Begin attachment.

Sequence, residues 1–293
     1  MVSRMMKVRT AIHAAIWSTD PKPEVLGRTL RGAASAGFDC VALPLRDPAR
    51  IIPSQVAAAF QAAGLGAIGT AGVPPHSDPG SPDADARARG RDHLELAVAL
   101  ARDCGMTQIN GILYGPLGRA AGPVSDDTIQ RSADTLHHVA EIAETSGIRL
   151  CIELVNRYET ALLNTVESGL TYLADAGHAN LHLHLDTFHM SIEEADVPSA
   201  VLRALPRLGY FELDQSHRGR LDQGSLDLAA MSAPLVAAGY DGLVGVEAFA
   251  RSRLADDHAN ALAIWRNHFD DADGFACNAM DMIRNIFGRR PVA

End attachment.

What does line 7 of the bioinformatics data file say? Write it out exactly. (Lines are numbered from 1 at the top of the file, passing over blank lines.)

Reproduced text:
   251  RSRLADDHAN ALAIWRNHFD DADGFACNAM DMIRNIFGRR PVA